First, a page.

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In the wake of an unprecedented year, Regis College is adjusting the programming for one of its most revered traditions, but not the spirit.

Thursday, Sept. 24, is Founders’ Day, the annual tradition that marks the arrival of the Sisters of St. Joseph to Boston in 1837. Typically, the day pays homage to the Sisters’ core value of serving “the dear neighbor without distinction” as students, faculty, and staff perform community service in the Greater Boston area, Weston, and Lawrence.

Health and safety guidelines related to the ongoing COVID-19 pandemic will prevent the Regis community from going out, so the day will be spent looking inward.

Inspired by calls both within Regis and across the country for an end to systemic racism, this year’s Founders’ Day will be a virtual dialogue about racism, inequality, and social justice. And not only will students, faculty, and staff participate, but an invitation was also extended to trustees, alumni, students in the Lifelong Learning at Regis program, and the entire Sisters of St. Joseph of Boston community.

“While Founders' Day will look different than previous years, it will still personify the mission of the Sisters of St. Joseph of Boston," said Regis College President Antoinette M. Hays, PhD, RN. "Their commitment to activism and service, and the life and legacy of Congressman John Lewis, will guide our discussion on racism, equity, and social justice. This is an incredible opportunity to engage with the entire Regis community on how our voices and activism can help put an end to racism.”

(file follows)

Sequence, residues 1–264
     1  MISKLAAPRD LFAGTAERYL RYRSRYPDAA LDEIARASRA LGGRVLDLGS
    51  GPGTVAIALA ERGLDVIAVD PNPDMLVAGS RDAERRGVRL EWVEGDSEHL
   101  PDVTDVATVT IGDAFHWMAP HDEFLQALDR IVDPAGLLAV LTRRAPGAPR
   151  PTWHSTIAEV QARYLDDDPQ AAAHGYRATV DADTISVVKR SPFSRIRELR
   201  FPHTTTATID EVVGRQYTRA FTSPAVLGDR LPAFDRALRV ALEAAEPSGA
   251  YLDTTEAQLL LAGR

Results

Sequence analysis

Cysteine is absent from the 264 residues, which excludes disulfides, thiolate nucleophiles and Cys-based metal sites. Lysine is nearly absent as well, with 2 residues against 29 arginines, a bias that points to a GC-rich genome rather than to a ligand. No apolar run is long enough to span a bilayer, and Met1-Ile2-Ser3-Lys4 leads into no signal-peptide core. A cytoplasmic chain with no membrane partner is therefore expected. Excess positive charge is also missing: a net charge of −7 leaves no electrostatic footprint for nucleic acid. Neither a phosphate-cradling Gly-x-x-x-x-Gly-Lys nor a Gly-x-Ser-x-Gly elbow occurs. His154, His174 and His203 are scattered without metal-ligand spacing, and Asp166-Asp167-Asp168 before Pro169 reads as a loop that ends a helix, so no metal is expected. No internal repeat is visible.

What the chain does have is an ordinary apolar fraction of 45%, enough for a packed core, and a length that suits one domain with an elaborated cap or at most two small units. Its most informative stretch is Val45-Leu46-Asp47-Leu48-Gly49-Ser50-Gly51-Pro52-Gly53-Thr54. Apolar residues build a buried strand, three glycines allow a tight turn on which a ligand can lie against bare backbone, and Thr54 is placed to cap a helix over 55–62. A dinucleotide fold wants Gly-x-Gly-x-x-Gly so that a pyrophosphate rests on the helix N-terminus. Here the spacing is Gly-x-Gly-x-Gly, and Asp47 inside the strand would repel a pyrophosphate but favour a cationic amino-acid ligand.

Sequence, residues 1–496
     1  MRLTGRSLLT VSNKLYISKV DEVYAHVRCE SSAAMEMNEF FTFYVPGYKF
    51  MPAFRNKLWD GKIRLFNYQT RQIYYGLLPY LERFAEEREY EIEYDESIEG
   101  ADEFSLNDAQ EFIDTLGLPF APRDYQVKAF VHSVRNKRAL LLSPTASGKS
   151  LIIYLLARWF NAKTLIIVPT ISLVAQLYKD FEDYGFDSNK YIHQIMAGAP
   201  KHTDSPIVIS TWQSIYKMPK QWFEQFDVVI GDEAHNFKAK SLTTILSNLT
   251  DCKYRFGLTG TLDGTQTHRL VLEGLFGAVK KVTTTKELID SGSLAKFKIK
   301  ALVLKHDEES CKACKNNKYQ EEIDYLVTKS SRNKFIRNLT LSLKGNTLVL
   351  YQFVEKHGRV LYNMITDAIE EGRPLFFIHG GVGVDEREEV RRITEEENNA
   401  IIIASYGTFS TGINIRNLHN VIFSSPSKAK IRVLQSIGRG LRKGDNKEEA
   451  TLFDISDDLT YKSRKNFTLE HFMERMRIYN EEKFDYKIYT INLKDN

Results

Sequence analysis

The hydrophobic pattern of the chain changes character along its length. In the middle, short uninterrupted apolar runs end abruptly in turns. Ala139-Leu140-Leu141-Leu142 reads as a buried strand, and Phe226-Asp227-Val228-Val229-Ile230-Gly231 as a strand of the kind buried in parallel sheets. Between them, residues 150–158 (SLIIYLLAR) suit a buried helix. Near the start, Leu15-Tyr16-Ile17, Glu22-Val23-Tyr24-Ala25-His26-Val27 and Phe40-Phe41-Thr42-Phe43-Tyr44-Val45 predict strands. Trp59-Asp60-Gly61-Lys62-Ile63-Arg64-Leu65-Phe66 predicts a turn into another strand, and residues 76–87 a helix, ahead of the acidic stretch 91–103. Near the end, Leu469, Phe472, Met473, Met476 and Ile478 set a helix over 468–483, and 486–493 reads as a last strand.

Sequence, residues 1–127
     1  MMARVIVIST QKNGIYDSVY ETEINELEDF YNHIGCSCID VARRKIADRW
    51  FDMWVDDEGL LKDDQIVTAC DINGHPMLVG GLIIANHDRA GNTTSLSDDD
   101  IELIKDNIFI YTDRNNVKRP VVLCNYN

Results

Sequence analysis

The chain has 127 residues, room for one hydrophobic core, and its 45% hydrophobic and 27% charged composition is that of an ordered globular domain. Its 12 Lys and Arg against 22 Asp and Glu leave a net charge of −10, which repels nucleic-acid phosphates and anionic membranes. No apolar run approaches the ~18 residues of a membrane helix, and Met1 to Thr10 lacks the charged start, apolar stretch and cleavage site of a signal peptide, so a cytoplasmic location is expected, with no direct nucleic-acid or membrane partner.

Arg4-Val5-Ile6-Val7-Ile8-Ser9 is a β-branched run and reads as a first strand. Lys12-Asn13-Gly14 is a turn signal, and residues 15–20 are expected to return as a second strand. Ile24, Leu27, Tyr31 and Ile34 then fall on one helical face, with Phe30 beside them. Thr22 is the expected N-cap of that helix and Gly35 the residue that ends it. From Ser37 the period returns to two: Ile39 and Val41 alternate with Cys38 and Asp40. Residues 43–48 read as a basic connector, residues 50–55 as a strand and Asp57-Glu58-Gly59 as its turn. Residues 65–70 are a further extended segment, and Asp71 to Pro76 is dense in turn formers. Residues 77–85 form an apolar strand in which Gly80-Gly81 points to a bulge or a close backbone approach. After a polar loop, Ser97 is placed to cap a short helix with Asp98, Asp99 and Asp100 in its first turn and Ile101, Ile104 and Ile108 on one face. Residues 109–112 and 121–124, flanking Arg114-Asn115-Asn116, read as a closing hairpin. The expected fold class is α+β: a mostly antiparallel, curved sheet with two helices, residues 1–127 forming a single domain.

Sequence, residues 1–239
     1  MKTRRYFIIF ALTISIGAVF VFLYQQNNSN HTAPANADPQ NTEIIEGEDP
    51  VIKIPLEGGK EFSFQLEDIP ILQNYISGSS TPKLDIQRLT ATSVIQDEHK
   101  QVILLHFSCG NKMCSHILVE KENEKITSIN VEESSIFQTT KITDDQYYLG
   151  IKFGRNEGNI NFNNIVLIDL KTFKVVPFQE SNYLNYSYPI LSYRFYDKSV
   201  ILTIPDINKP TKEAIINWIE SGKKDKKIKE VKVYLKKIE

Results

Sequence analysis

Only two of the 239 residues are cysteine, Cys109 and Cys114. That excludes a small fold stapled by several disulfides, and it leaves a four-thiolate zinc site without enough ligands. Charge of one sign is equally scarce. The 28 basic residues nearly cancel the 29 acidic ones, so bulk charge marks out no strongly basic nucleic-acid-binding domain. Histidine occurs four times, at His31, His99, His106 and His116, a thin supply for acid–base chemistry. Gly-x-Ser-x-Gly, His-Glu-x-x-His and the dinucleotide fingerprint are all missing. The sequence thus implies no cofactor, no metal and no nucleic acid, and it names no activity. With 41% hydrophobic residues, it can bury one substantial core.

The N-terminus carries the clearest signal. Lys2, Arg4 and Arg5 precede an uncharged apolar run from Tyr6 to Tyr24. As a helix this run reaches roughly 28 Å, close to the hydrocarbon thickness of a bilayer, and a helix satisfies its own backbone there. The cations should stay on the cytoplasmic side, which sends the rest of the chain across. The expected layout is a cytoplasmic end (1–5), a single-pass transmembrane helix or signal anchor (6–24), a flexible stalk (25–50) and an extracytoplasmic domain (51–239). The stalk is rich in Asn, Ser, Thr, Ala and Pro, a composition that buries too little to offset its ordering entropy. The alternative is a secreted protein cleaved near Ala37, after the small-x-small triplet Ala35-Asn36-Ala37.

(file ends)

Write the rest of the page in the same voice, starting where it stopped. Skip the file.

The theme of Founders’ Day is taken from the words of the late U.S. Rep. John Lewis, a civil rights titan who in his lifelong fight for social justice implored people to “get in good trouble, necessary trouble.” As a tribute to Lewis’ legacy, Regis College students Dimitri Stewart, ’22, and Rashell Mezquia, ‘23, will read The New York Times op-ed Lewis penned that was published the day of his funeral.

“Planning for the day has been a very collaborative and engaging community-wide effort,” said Mary Lou Jackson, special assistant to the president for mission effectiveness. “Together we will learn about, reflect upon, and react to systemic racism in a way that the late Congressman John Lewis has asked of us by taking on his call to action and committing to getting into ‘good trouble.’”

This focus on racial injustices during Founders’ Day was laid out in President Hays’ “A Commitment to Do Better” message this summer that pledged real, purposeful steps to address systemic inequalities on campus and in the community.

The Founders’ Day kick off will include a history of the Sisters of Saint Joseph of Boston and their mission of service from Sister Mary L. Murphy, CSJ. Most of the day will revolve around two panel discussions. The morning panel, moderated by Audrey Grace, associate vice president for inclusive excellence and chief diversity officer, is titled “The Stories We Learn, The Stories We Are Taught, The Stories We Unlearn.” It will explore the role that racism has played in people’s understanding of themselves and their relationships.

The afternoon panel, titled “Anti-Racism and Good Trouble,” will be moderated by Anabella Morabito, assistant dean of student affairs. This time will be spent examining how to go from talking about the injustices of racism and inequity, to doing something to stop it.

After both panels, participants will break out into small groups to reflect further on the topics.

Founders’ Day is from 10 a.m. to 3 p.m. on Zoom. Check out the complete Founders’ Day program here.